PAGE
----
Ancient Men of Power: The Roman Republic's Most Influential Leaders

Lars Porsena surveying Rome before battle at Sublician bridge. Wikimedia

Titus Herminius Aquilinus

Titus Herminius Aquilinus (died 498 BC) was one of the early Roman Republic’s heroes who participated in the major conflicts attending the founding and securing of the new republic, rose to high office, and was elected consul in 506 BC. His greatest achievement for which he was most lauded was a heroic stand at a bridge in the face of an invading army.

After his ouster in 509 BC, Rome’s last monarch sought the aid of Lars Porsena, king of nearby Clusium, who marched on Rome at the head of a mixed army of Clusians and Roman royalist exiles. In 508 BC, the invaders routed the infant republic’s forces opposite Rome, and sent them fleeing across the Sublician bridge into Rome, which lay defenseless.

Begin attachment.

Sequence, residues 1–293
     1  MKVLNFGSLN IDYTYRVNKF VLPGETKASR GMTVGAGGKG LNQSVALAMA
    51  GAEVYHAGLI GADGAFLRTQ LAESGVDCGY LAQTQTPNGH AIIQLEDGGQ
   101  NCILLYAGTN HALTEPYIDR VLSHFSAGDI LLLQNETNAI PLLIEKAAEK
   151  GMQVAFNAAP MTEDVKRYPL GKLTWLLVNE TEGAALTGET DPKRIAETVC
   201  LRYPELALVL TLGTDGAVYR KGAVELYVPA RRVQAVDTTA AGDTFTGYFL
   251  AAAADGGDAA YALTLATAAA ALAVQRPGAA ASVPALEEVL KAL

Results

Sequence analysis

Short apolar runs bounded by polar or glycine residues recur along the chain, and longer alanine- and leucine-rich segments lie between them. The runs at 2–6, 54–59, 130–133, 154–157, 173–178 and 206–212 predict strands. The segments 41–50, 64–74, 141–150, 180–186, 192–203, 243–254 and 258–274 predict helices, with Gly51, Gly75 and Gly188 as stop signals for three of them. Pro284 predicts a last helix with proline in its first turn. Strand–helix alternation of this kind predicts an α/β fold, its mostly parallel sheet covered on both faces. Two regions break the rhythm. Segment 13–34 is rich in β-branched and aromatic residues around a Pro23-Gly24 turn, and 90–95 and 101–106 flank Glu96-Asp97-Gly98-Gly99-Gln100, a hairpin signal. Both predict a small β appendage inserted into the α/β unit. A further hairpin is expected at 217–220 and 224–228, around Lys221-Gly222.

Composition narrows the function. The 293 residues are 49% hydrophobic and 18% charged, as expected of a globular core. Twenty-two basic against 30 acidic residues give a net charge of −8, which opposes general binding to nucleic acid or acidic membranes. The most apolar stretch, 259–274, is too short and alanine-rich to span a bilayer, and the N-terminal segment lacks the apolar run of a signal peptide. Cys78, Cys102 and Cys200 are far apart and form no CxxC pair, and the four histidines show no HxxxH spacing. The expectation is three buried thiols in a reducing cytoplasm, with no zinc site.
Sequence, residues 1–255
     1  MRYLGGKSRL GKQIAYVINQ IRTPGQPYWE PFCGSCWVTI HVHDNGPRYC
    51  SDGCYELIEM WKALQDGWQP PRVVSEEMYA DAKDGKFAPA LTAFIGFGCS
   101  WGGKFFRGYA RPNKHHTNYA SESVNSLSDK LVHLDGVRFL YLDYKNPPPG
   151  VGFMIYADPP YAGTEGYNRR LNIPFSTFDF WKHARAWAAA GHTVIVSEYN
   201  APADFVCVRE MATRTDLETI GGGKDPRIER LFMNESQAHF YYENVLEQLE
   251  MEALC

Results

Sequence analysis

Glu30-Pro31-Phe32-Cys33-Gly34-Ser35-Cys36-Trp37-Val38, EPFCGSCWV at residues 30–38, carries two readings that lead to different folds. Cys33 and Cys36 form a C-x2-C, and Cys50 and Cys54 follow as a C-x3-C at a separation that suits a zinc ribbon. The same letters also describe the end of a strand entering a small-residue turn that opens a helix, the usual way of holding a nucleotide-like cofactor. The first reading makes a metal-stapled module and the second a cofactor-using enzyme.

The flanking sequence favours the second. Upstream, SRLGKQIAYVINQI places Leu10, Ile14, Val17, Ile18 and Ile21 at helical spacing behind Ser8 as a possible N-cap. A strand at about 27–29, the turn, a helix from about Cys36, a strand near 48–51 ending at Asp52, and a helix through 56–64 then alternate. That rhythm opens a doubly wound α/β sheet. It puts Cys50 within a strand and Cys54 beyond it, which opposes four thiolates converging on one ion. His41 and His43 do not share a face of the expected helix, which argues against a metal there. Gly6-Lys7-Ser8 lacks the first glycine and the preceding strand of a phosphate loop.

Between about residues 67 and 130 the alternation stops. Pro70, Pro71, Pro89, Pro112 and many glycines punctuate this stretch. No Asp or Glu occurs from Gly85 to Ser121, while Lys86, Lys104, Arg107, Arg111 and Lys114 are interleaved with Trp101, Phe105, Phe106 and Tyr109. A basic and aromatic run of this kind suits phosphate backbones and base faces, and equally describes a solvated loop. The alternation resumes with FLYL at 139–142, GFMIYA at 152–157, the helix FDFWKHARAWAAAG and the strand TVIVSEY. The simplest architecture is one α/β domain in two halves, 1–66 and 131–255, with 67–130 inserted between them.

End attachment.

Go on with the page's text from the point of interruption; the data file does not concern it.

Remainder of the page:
Lars Porsena’s forces were halted at the narrow Sublician bridge by three courageous Romans: Herminius, Horatius, and a Spurius Lartius, who held off the enemy long enough for the bridge to be destroyed behind them. When the bridge was about to collapse, Herminius and Lartius were urged by Horatius to retreat, while he fought on alone until the bridge fell.

Herminius and Lartius were elected consuls in 506 BC. In 498 BC, war broke out with Rome’s Latin neighbors, and Herminius was one of the generals in the army that marched out to deal with them. When the forces met at the Battle of Lake Regillus in 498 BC, Herminius slew the enemy’s leader in single combat. However, while stripping the corpse of its armor, Herminius was mortally wounded by a javelin.